The swig era
Diane Faith Spodarek's "The Drunk Monologues" are a mostly disappointing dramatization of an unhappy life with the bottle.
By JOSHUA TANZER
You enter the darkened theater to the sounds of an electric guitar, played badly. Then an indiscernible video is projected on the wall (that's what makes this show "multimedia") and finally Diane Faith Spodarek emerges from the shadows with guitar in hand.
"The Drunk Monologues" is a series of apparently autobiographical vignettes that have in common two things: drinking and suffering.
Spodarek, now a New York actress, was born in Canada and grew up in Detroit, where to this day, she says, there are at least two bars with drinks named after her, one called "The Dangerous Diane."
She recalls founding an early punk band and meeting some of the rock stars of that time anti-stars, really, like fellow Detroiters Iggy Pop and Patti Smith. Then she plays a sample of her music and it's clear, unfortunately, that she's not a major talent in the rock and roll department.
|THE DRUNK MONOLOGUES|
|Written and performed by: Diane Faith Spodarek.|
Directed by: Russell Dobular.
But there are some amusing bits, like the part about the band member who didn't tell her he was really a man. "Which is no problem, really," she notes, "unless you book yourself as an all-female band and you can see the lead guitarist's penis under her tight red dress."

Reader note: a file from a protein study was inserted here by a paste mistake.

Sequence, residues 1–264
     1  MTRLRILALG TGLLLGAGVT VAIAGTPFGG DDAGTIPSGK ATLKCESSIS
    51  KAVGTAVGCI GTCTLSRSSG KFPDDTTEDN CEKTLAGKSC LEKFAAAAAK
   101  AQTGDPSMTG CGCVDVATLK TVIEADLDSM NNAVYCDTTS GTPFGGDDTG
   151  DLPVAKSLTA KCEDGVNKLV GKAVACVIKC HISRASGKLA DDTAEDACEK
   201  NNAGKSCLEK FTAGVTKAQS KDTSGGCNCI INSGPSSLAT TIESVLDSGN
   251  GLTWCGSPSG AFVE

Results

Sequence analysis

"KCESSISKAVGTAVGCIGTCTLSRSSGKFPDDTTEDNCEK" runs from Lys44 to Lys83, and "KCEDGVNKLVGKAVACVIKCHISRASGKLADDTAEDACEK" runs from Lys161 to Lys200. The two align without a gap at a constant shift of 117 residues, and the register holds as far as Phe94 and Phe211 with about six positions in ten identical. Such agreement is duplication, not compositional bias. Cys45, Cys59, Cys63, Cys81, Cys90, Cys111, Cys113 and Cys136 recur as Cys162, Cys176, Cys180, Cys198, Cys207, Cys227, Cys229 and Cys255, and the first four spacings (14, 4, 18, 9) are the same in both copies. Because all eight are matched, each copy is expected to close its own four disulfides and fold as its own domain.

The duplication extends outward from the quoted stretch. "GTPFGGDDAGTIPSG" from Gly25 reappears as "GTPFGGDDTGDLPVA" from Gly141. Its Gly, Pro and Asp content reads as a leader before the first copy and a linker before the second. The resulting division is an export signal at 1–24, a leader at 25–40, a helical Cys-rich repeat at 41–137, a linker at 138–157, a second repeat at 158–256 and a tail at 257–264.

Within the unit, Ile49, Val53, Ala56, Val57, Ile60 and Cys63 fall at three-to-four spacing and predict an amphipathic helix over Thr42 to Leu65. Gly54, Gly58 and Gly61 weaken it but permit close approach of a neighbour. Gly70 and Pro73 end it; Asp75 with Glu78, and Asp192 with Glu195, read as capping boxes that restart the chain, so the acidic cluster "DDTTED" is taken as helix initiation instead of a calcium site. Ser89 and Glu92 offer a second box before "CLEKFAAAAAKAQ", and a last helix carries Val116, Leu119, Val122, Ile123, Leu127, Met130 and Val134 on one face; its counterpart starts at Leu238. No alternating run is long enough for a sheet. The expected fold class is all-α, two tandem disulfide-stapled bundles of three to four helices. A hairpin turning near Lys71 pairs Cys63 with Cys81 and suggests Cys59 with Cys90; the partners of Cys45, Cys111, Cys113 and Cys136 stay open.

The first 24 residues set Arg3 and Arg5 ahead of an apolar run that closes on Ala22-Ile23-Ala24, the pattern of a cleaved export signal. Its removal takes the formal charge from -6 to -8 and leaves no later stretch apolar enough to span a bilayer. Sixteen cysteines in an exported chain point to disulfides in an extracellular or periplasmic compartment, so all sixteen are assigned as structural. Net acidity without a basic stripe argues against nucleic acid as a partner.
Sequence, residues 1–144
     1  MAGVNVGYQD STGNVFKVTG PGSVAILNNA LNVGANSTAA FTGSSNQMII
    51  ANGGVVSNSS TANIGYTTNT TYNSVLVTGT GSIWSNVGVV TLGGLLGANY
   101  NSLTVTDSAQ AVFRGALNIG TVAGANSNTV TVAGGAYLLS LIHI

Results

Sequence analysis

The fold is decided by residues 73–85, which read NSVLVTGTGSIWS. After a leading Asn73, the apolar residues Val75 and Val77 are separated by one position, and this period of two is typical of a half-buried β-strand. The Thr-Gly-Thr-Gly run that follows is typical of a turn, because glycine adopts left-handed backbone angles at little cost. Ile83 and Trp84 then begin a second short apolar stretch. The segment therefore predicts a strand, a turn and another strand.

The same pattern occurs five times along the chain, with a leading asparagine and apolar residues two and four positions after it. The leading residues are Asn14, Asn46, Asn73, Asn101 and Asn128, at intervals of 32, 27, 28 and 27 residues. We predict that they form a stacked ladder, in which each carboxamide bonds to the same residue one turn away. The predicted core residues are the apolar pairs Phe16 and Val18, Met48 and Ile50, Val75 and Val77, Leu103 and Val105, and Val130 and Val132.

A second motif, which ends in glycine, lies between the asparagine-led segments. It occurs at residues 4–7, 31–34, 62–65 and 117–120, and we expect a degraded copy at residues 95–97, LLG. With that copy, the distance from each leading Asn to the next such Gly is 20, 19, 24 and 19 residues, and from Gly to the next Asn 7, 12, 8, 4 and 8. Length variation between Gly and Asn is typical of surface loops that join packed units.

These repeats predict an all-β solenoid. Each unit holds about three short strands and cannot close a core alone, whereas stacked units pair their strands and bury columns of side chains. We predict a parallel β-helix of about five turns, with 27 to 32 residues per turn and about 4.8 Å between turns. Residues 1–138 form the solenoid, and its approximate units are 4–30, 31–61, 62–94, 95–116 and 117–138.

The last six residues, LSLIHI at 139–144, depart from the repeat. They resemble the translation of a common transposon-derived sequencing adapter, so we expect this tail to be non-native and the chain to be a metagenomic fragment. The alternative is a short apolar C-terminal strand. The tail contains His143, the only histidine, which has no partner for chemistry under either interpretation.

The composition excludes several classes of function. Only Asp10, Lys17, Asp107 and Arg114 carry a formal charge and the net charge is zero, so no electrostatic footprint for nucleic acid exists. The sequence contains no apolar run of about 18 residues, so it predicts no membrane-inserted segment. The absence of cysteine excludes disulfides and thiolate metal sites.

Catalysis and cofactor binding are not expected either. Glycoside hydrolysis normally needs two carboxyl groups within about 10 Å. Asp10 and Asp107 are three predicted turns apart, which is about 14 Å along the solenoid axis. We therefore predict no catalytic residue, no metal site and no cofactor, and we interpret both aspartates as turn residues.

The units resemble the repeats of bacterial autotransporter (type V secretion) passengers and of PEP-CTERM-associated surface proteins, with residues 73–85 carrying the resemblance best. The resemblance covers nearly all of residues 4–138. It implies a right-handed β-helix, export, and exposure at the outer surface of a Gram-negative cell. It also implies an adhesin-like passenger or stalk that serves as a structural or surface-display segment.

As the show continues, it feels more like a plea for sympathy than a sharing of insight about the drinking life. Only the last two segments seem to have a spark of creativity. One involves an down-and-out uptowner critiquing the architecture ("That building's so ugly I need a beer just to look at it!") as well as the local yuppie population. Most of the other segments are just tales of misery and resentment to the accompaniment of a large bottle of vodka. (Real vodka? I don't know.) It's a lot to sit through just to get to the good parts.
|MARCH 12, 2001|
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